No one could have prepared us for what life would look like today. Our day to day is surreal. Simple tasks are far more complicated. One doesn’t just go for a walk. Or do a “quick” run to the grocery store. One prepares themselves, physically, mentally and emotionally. Every time we leave the house, we sign up for a pilgrimage.
I just wanted some carrots.
I wanted roasted carrots with my chicken yesterday. It seemed like a good idea because I’ve been neglecting my vegetables. The grocery store is just a few blocks away, so it would be reasonable to expect a short journey. Of course, I knew better, because I am living history, I am living during a global pandemic. But I wanted those carrots. So I grabbed my coat and headed out the door. I was immediately hit by unexpectedly warm air and was genuinely confused. How is it so warm? It then occurred to me that it’s May, not week 458372 of winter. But how would I know? I’ve been stuck in groundhog day for 7 weeks and 2 days. I carried on towards the store and ran into my neighbor. We greeted each other from an appropriately safe distance and he asked me where I was headed. I told him about the carrots. He wished me luck, then chuckled, I assumed about having to wish me luck in carrot shopping, and told me to stay safe. Because that’s what people say to each other now, every time anyone goes anywhere, to do anything. I put my headphones in and carried on to the store, bobbing my head to Survivor’s “Eye of The Tiger”. I got this song for inspiration during my morning runs. I haven’t ran for a few days due to a twisted ankle and it occurred to me that this trip of five blocks is the most I’ve moved in days, so it’s basically a workout, therefore, the song applies. I noticed some people doing very little to keep their distance–it appears the warm weather made them forget. So I began to play my favorite new game of “where are they walking” so I could strategically plan which direction to side shuffle, something I’d gotten really good at during my runs.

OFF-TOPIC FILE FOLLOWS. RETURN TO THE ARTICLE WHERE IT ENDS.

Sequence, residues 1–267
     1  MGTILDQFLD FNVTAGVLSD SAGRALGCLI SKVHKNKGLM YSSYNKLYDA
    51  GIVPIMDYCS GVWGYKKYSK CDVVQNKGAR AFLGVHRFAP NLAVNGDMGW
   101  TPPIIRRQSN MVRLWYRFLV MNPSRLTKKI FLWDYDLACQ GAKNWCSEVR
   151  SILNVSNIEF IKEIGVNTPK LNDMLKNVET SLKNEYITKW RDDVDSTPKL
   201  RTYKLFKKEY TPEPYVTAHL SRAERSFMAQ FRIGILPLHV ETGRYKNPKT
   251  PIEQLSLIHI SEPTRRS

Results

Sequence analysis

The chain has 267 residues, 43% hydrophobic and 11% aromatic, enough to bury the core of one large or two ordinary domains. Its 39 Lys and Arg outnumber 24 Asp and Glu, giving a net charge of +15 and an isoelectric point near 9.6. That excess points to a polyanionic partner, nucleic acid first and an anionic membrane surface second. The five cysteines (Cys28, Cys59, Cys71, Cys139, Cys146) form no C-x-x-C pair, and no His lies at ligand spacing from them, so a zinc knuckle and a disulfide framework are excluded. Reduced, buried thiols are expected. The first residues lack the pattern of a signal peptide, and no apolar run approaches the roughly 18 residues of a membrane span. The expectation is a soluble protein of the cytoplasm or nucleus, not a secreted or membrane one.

I reached the grocery store and stood in the outside lineup, appropriately distant from my neighbors. I watched the door, patiently waiting for the nice lady inside to usher me in when it’s safe to do so. Suddenly, I heard a noise behind me. A man tripped and fell a few feet away. My initial instinct was to run over and help him but I remembered that he, like any of us, could be a carrier of a virus that caused a global pandemic. So instead, I simply froze and stared at him, not knowing what to do. Everyone else stood frozen as well, I suspected they too, were conflicted. Great. This thing turned me into a terrible person.
The grocery store was pretty full and nobody was adhering to the red tapes on the floor. I suppressed my anger and brought the focus back to my mission. Get the carrots and get the #$%^ out of dodge. I knew where the carrots were, but I had to wait for a handful of people to clear the aisles before it was safe to proceed. Waiting is part of the experience, it’s just what we do now. I finally got to my carrots. Success. Then I remembered that we’re low on bread. I was torn. I stood in the aisle, wrestling with the dilemma of heading back to pay for the carrots or playing the “where are they walking” a bit longer. The bread aisle looked deserted, so I decided to go for it. I picked up the bread and turned to see a woman standing a few feet away, inspecting a box of cookies. I turned to walk in the opposite direction and saw a man reading a label on a pastry package. Crap. Cornered in a Bread and Bakery section. The woman looked apologetic and mouthed ‘sorry’. I felt bad that she felt bad about having to take a few minutes to ponder which cookies to buy.
After a few minutes I was free to side shuffle my way to the cash register. I stood on the red tape in front of the cashier and remembered that we’re also low on eggs. Screw eggs. Sacrifices have to be made. I payed and left the grocery store with a deep exhale. Freedom. Looked at the time–it’s been an hour. I thought back to a time when a grocery shopping was not a journey of courage and self-discovery. Warm air, confused again, already forgot its May.